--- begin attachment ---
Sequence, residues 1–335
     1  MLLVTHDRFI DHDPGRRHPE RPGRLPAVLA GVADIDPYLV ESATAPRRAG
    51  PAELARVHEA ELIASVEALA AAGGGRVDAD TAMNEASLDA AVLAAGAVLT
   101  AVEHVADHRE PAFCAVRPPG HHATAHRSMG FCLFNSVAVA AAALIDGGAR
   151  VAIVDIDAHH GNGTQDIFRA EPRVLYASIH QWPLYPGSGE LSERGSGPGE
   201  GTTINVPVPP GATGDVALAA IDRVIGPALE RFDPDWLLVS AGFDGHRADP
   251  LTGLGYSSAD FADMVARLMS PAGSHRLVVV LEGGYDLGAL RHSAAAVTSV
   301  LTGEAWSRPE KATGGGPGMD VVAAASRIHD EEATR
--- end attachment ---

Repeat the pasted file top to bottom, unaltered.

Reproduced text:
Sequence, residues 1–335
     1  MLLVTHDRFI DHDPGRRHPE RPGRLPAVLA GVADIDPYLV ESATAPRRAG
    51  PAELARVHEA ELIASVEALA AAGGGRVDAD TAMNEASLDA AVLAAGAVLT
   101  AVEHVADHRE PAFCAVRPPG HHATAHRSMG FCLFNSVAVA AAALIDGGAR
   151  VAIVDIDAHH GNGTQDIFRA EPRVLYASIH QWPLYPGSGE LSERGSGPGE
   201  GTTINVPVPP GATGDVALAA IDRVIGPALE RFDPDWLLVS AGFDGHRADP
   251  LTGLGYSSAD FADMVARLMS PAGSHRLVVV LEGGYDLGAL RHSAAAVTSV
   301  LTGEAWSRPE KATGGGPGMD VVAAASRIHD EEATR